Coming out of the closet

Poly Means Many: There are many aspects of polyamory. Each month, the PMM bloggers will write about their views on one of them. Links to all posts will be found at . This month, our topic is “Coming Out”. Trigger warnings for homophobia, domestic abuse, mental health, gender identity

As a queer, poly kinkster, the topic of being ‘out’ or not is something I’m well versed in. As it happens, I am out about everything, but the process of coming out was not always my choice, and certainly not pain-free, but I do enjoy the freedom of never having to lie about who I am. Be warned, this blog post is much like a Grimm fairy tale, complete with baddies, evil witches and a happy ending.

I knew from a fairly young age that I was neither straight nor vanilla, although I didn’t have the terminology and understanding to be able to explain that, I just remember thinking and feeling things that I found out were not normal when I talked to friends. I explored my sexuality in my teens, and to the great disapproval of my rather judgemental family, I didn’t make any secret of the fact. I remember my mother’s look of horror when I said I’d kissed a woman, and my parents’ various comments about disowning my brothers if any of them came out gay. My own understanding of my sexuality evolved over time, and changed from bisexual to pansexual to queer. Trying to explain these concepts to my family and friends has ranged from indifference to ridicule to genuine interest in new words and meanings.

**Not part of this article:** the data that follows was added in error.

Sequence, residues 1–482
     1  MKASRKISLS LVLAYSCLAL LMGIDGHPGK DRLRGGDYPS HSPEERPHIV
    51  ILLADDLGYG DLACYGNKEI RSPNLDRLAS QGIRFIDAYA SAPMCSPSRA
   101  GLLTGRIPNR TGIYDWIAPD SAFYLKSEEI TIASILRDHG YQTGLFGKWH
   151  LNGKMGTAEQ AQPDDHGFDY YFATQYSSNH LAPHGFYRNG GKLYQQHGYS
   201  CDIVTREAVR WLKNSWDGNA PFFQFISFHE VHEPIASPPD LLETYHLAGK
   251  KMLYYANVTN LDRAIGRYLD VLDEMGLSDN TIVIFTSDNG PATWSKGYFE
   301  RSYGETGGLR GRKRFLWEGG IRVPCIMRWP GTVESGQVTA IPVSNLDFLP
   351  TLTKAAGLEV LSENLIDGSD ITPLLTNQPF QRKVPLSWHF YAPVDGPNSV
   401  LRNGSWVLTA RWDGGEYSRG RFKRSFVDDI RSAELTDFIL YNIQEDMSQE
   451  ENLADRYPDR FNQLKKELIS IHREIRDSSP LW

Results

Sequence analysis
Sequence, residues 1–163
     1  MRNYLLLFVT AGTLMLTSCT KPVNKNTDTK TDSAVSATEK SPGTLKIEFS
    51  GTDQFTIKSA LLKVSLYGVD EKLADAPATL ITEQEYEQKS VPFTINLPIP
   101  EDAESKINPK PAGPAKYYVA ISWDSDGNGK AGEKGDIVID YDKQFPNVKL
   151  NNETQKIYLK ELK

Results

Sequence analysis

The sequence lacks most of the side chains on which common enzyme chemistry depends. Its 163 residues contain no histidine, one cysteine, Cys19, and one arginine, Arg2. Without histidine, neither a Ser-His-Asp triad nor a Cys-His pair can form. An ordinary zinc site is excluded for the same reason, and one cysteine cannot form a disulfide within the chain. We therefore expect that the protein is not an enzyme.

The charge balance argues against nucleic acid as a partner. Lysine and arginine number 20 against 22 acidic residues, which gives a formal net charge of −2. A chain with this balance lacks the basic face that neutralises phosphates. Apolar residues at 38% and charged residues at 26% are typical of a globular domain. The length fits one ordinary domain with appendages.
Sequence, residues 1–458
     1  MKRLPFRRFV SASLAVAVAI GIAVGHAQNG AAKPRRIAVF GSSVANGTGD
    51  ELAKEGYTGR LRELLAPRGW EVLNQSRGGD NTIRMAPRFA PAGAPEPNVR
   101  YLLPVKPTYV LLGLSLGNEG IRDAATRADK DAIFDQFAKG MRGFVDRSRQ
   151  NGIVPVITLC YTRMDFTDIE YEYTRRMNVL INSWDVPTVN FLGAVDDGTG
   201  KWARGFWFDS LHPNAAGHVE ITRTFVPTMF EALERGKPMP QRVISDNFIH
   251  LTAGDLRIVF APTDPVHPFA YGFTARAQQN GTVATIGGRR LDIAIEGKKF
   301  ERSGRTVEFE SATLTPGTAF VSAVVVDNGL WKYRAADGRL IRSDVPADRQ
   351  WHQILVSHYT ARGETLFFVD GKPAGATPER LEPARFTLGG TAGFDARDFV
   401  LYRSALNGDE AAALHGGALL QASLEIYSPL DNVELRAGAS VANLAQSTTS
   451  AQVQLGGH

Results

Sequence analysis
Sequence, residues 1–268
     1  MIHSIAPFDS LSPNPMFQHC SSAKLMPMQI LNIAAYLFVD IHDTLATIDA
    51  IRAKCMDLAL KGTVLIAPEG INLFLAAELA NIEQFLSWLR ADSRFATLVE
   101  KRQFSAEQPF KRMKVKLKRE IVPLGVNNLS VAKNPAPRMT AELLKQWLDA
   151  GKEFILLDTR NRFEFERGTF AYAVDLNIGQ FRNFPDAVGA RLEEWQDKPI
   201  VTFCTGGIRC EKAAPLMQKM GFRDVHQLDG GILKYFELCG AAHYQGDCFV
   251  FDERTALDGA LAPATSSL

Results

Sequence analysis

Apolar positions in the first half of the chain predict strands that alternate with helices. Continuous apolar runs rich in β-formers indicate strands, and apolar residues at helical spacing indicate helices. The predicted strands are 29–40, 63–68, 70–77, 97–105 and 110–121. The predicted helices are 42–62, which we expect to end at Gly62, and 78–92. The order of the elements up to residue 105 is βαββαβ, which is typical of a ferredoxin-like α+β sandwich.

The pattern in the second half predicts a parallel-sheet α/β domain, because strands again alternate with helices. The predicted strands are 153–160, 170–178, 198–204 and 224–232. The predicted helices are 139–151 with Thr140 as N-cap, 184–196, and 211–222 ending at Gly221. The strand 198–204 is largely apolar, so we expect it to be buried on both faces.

I got into BDSM fairly young – too young, in some respects. I did keep this aspect of me private, considering it as private as say, my favourite sexual activity or preferred position. I didn’t see the need to share this information about me with people other than sexual/romantic partners. However, my vengeful ex-husband outed me to my family when he found out I’d met a new partner following our separation, showing them my online profiles and god knows what else. To say this alienated me from my family at an incredibly stressful time is an understatement: they utterly sided with him and told me I was ‘stupid’ for divorcing him, a man who was a drug addict, abusive, and controlling.  I suffered years of snide comments about ‘gimp masks’ and ‘kinky weirdos’ from my family, and various comments about being ‘sick’.

Once my partner and I were fairly sure that poly was not just an experiment, but a way of life, we came out. As I wrote in the price of poly 1, this process was not without its fair share of heartache. For the simple fact of being ethically non monogamous, I have had countless arguments, lost friends and family, been accused of all manner of horrible things, and shed many, many tears.